Response: I am and always have been an avid reader. Before the internet, I haunted libraries and have a personal library of thousands of books and stories, yet I have never seen or heard of a book like the Book of Mormon. In the early centuries of writing, the Greeks and Romans had such stories, as did the Norsemen, writing of great epics, yet few, if any, really paralleled such as the Book of Mormon.
    Sorenson: “They do not claim to tell comprehensively or systematically “what happened” throughout a territory.”
    Response: Actually, most historical novels spend more time on the “territory,” than does the Book of Mormon. This work has little concern about territory and not much more interest in lineage other than a connection between the writers. Its main storyline and interest is in how God deals with man and the righteous and how we seal our own fates by the choices we make.
    Sorenson: “Indeed, the lineage may not have had exclusive control over a land (as was the case with Abraham).”
Response: The thing Sorenson ignores or forgets is that there were no other people in the Land of Promise. There was no contact with other cultures and civilizations for the Jaredites or the Nephites. Consequently, there is no way to compare territory in the Book of Mormon with any other work like the Bible in that way. Abraham’s challenges, as those of ancient Israel, was with other cultures and people; the Nephite challenge was with the Lamanites. As the Lord told Nephi regarding the Lamanites: ”And the Lord God said unto me: They shall be a scourge unto thy seed, to stir them up in remembrance of me; and inasmuch as they will not remember me, and hearken unto my words, they shall scourge them even unto destruction” (2 Nephi 5:25).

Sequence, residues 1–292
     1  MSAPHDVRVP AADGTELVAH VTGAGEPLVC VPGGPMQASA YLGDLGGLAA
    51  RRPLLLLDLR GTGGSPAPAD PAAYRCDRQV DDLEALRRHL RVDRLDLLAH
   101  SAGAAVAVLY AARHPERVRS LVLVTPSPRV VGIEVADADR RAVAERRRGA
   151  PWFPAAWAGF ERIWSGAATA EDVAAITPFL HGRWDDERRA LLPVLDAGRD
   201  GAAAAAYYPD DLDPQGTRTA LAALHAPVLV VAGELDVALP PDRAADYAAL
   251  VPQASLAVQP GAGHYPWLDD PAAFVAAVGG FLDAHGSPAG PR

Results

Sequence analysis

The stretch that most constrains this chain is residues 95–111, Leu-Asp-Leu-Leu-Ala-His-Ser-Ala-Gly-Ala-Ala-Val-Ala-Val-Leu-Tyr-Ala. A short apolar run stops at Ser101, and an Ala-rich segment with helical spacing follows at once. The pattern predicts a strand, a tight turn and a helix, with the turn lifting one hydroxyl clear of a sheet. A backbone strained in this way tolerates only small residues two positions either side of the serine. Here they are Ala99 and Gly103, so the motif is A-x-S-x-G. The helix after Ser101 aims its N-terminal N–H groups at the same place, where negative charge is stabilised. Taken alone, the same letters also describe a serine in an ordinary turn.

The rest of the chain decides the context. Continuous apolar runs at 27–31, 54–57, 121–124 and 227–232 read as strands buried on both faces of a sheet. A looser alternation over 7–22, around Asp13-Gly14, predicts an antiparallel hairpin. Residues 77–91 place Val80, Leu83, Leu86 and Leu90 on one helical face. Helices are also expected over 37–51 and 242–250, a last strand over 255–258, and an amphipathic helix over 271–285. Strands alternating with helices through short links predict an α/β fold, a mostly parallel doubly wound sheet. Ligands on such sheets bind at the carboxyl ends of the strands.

Sorenson: “Frequently they constituted only part of a social mosaic, side by side with similar groups, either within or outside the formal nations which most of us consider the proper subject of history.”
    Response: Herein lies the problem with well educated people. They think everytghing is the same. Europe had its development within the mosaic with several groups; however, the Land of Promise did not. “After the waters had receded from off the face of this land it became a choice land above all other lands, a chosen land of the Lord; wherefore the Lord would have that all men should serve him who dwell upon the face thereof” (Ether 13:2). And as the Lord told Lehi, “It is wisdom that this land should be kept as yet from the knowledge of other nations; for behold, many nations would overrun the land, that there would be no place for an inheritance” (2 Nephi 1:8), and as Lehi told his children, “if it so be that they shall keep his commandments they shall be blessed upon the face of this land, and there shall be none to molest them, nor to take away the land of their inheritance; and they shall dwell safely forever” (2 Nephi 1:9).
America was not Europe! It was the promised land with its own development and promises!
    Sorenson: The account of the patriarchal period in the Old Testament, for example, comes from the records of a certain lineage and thus contains primarily its key historical happenings and the great truths that its leaders received from God.”
    Response: The Old Testament is not the Book of Mormon and Israel in Palestine is not the same as the Nephites in the Land of Promise. The key to the Book of Mormon is not found in the Bible, but in the promises made to the Jaredites and Lehi, which tell a very different story.
(See the next post, “The Nature of the Record-Part II,” for more of this Sorenson article which shows why he and other Mesoamericanists so misunderstand the isolation of the Land of Promise and the absence of other nations and other cultures and other peoples there)